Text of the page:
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 May, 4 2007

A journal for discussion of the story "Reconciliation."


Just what the hook says. I will try actually to reply to any comments in this journal.

Everyone is in over their heads, including the masters. The age thing is an interesting question for me. I assume that although the Gondorians have a more prolonged childhood, they are of age, and they are old enough to fight and die for their country, as well as, should their parents die, become the effective rulers of their fiefs (well, those of them who are their families' heirs). They live in a society where most people do backbreaking labor most of their lives just to survive, and where, adult or not, you're doing an adult's work by the time you're fifteen, most likely. To me, that suggests that a 21 year-old can be placed under more and more serious obligations than a 21 year-old in the modern world. Granted, the esquires are not as mature as they might be, but they're mature enough to be expected to try to act like adults.

I second this. The Haradrim let twelve-year-olds join the army, and Andrahar was certainly considered a man grown at sixteen when he encountered Imrahil. I've never established a formal age of majority in Gondor, but informally I think there is an expectation that by the time you are sixteen you are starting to assume a man's place-by eighteen definitely. You can enlist in the Gondorian army at sixteen.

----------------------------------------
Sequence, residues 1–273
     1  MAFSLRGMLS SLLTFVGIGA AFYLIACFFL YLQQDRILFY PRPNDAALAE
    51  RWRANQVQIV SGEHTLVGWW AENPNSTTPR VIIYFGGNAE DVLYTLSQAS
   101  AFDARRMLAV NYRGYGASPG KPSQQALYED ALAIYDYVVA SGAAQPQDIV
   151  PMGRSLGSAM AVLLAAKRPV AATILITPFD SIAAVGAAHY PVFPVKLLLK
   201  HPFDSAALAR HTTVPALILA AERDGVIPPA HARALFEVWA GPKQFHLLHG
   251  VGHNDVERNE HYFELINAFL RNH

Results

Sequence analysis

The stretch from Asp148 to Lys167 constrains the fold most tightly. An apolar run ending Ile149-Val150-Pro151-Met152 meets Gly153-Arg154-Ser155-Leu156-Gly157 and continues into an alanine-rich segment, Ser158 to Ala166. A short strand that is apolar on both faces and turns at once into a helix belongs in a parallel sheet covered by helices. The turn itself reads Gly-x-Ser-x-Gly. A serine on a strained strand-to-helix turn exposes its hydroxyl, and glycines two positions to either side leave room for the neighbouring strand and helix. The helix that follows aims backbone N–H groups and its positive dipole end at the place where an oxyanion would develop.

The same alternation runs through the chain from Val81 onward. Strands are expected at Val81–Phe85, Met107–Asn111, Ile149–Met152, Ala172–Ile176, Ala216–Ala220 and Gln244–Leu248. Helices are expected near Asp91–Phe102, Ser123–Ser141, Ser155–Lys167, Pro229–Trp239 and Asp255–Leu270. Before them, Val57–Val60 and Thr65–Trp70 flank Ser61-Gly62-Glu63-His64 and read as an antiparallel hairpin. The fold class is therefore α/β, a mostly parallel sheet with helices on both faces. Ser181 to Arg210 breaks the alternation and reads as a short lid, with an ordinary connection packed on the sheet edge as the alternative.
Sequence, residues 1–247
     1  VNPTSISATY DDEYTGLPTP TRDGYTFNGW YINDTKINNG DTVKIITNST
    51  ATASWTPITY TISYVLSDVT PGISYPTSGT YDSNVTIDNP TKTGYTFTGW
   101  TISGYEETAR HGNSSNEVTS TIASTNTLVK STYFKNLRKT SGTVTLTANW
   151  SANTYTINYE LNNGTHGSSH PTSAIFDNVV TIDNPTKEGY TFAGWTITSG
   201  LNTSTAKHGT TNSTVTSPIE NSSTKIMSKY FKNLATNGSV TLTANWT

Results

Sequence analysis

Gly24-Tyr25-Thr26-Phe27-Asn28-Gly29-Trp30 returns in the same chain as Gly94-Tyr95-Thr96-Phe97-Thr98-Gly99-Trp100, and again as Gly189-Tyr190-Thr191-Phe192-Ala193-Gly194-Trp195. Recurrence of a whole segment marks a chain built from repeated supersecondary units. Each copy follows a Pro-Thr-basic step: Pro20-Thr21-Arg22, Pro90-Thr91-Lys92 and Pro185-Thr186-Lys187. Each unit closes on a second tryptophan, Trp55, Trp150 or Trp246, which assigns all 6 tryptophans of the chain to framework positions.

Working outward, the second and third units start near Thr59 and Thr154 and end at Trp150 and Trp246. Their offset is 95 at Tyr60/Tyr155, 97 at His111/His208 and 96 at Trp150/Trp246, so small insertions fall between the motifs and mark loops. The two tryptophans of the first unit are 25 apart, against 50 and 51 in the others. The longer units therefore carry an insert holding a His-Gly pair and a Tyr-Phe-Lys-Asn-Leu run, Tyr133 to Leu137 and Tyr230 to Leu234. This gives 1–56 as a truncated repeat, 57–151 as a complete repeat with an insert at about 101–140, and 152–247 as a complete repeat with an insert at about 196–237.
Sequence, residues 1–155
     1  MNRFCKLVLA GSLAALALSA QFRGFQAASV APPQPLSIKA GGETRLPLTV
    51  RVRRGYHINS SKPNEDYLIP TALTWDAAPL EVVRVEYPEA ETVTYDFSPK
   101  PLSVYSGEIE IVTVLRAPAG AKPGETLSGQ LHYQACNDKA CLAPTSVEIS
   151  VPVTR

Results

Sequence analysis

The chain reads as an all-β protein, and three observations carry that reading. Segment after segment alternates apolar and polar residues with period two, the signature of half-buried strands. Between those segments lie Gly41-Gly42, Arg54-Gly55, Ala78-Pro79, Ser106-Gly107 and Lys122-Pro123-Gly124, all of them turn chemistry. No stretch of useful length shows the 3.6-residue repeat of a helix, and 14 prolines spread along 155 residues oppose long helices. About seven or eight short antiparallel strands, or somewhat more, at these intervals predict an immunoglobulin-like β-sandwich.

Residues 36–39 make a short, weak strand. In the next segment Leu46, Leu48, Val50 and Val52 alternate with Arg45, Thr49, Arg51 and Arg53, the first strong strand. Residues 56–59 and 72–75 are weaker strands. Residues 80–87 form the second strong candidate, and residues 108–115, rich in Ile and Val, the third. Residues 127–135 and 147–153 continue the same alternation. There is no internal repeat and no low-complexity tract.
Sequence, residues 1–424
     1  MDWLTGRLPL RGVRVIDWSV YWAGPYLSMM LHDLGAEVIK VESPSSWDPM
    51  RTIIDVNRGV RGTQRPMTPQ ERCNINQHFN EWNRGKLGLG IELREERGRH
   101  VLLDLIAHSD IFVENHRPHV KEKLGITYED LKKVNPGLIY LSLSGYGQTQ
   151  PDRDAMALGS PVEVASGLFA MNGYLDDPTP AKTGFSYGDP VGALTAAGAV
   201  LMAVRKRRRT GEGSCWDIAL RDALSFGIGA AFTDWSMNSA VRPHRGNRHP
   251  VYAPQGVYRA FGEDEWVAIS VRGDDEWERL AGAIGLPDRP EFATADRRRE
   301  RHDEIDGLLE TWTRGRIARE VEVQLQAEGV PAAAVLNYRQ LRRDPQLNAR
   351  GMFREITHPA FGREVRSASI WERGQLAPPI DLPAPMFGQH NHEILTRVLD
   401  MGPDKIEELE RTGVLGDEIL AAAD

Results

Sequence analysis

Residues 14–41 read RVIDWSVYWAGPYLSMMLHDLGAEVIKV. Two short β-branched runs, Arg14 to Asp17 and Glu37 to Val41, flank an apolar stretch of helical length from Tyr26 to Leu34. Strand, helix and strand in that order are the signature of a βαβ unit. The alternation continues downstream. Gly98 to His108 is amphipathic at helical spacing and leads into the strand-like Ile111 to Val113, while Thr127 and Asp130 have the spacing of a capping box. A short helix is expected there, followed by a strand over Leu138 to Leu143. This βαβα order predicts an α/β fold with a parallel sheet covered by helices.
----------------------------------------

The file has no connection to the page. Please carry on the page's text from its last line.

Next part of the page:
Idren, in Lossarnach Yule, is only fourteen, but as the sole man of the house is expected to begin acting as such. He lives in a rural community and I suspect that there adulthood comes a bit earlier than among the nobility. But even among the high and mighty you don't have the sort of protracted childhood we have today-an eighteen-year-old might be considered to be a clueless adult with little real experience, but adult he is and expected to act as such in most matters. Brand is only fourteen as well, but he is beginning to move into the adult world.

Where do you find the translation of Andrahar's name

I made it up. To my knowledge, Isabeau has never said what it means, or that it means anything at all. But it's definitely not Sindarin or any derivative of Sindarin; it's Haradric.

I never said what it meant, but I like this perfectly well. Since most Gondorians think all Haradrim are the bad guys and Andra is working for the good guys, it's rather fitting.

Bhraina does appear in later chapters, though Andrahar's horse doesn't have nearly as much personality as Peloren's does. Bhraina just doesn't have the sort of importance for Andrahar's affective life that Lightfall does for Peloren's.

Or anywhere near as much personality as his later mount Rahur. But there's such a thing as too much personality!

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